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Sunday, June 03, 2018

Telecom regulation and blockchain - is #RegTech the killer application?


One of the most interesting developments in telecoms technology for a while occurred this week – India’s telecom regulator TRAI issued a set of draft regulations aimed at combating spam and nuisance calls. (link)

At first glance, you could be forgiven for asking why anti-spam rules could possibly be more important than all the hoopla about 5G, market consolidation, network-slicing and, especially, “digital transformation” or RCS messaging (I jest).

The reason is in the details: TRAI has stipulated that telcos should use blockchain-based technologies to enforce its proposed rules, creating a tamper-proof and encrypted ledger of consent records, given by users for opt-in telemarketing. If the rules translate to reality, this is a major step forward in commercialisation of digital ledger technology, and at scale.

"Access  Providers  shall  adopt  Distributed  Ledger  Technology  (DLT)  with
permissioned and private DLT  networks for  implementation of  system, functions and processes as prescribed in Code(s) of Practice: -
(1) to  ensure  that  all  necessary  regulatory  pre-checks  are  carried  out  for  sending
Commercial Communication;
(2) to operate smart contracts among entities for effectively controlling the flow of Commercial Communication;
Access Providers may authorise one or more DLT network operators, as deemed fit, to provide technology solution(s) to all entities to carry out the functions as provided for in these regulations."


But in my view, this could be just the tip of a quite large iceberg. I'm starting to think that regulatory uses for blockchain (especially private/permissioned versions) could be central to the technology's success in telecoms.

Innovation in Regulation Technology, or RegTech, is already a huge domain, especially in sectors like financial services and healthcare. Historic methods for regulatory enforcement, from money-laundering rules, to certification of professionals, have often used reams of paperwork and had cumbersome processes. There is a huge need for automation, better provision of security and authentication, and simpler online access to regulatory resources and approval.

Obviously, telecoms has itself long had technical means for creating and enforcing rules, from spectrum-monitoring and radio-coverage tools, through automated platforms for telecoms licensing, to software aimed at checking broadband QoS and spotting net-neutrality violations.

But given that a lot of telecoms rules tend to involve multiple parties (eg user, telco, advertiser as here, or multiple telcos doing interconnect or wholesale agreements), requirements for "credentials", and there are often registries and other databases involved, the whole sphere looks like an archetypal match for the types of capability normally found in blockchains.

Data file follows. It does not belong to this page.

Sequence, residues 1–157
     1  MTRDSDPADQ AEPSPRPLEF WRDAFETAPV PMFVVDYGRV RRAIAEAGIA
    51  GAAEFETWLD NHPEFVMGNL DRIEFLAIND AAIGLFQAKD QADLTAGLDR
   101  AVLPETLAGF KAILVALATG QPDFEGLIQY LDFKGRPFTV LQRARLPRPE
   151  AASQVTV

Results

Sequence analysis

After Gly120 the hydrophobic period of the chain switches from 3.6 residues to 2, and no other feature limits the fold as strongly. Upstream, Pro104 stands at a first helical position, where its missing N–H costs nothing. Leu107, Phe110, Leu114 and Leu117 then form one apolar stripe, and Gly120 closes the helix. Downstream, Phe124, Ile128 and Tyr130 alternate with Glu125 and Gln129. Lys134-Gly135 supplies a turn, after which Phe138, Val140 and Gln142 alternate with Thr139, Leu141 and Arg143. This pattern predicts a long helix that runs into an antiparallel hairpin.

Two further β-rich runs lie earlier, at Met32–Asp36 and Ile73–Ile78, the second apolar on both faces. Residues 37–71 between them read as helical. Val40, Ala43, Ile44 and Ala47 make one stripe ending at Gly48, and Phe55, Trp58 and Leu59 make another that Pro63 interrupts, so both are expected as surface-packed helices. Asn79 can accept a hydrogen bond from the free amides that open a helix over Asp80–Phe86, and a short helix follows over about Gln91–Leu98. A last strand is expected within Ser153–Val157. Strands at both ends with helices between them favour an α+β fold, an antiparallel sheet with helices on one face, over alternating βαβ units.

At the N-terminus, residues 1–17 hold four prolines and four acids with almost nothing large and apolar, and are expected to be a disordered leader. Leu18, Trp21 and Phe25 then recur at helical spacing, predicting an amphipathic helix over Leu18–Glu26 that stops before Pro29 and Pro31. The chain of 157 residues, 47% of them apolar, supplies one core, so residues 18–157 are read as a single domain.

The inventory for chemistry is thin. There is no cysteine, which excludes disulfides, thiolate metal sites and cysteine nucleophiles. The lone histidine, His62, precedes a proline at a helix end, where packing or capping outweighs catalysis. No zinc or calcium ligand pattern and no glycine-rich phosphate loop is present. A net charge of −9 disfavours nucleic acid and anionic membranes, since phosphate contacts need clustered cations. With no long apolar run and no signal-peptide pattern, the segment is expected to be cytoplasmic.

In particular, I think there are many potential use-cases for regulators to assist - or keep tabs on - telco activities that relate to regulatory policy. Adding unarguable timestamps to tamper-proof data storage has huge potential, in particular. Ones that immediately leap out to me include:
  • Number portability databases and porting requests
  • Storage of call detail records, that may be subject to lawful request at a later date
  • Spectrum allocations and permissions, especially for shared, local and dynamic spectrum models.
One other that I think has longer-term potential, but which nobody has talked about yet, is in secure and encrypted storage of network configuration and log files. One of the problems with regulating wholesale interconnect, peering, net neutrality and other rules, is that it is exceptionally hard to prove what happened retrospectively, if someone makes a complaint. This issue will be exacerbated with NFV/SDN, and the move to network slicing, when network configurations will be temporary and highly dynamic.

Given that law-enforcement insists that ISPs retain theur users' data records, it doesn't seem unreasonable to retain the ISPs' own information as well - obviously in a form that's secure and encrypted unless needed for evidence in the case of a legal intervention. It could also make a clear distinction between a problem of network failure (or happenstance in the way the maths of contention works), and deliberate actions.

The Net Neutrality angle here is particularly potent - it would allow any egregious behaviour to be dealt with post-hoc. Most anti-neutrality lobbyists dislike ex-ante regulation, but few could argue against allowing competition authorities or others from investigating alleged infringements that occurred deep inside the network's configurations and policies.

I'm just musing here, but I definitely feel that there's a lot more to telecom #RegTech using #blockchain than just tracking spam calls and SMS. 

This is one of the topics that will get discussed at my upcoming workshop on telecoms blockchain, on July 3 in London. Full details are here (link) or email information AT disruptive-analysis dot COM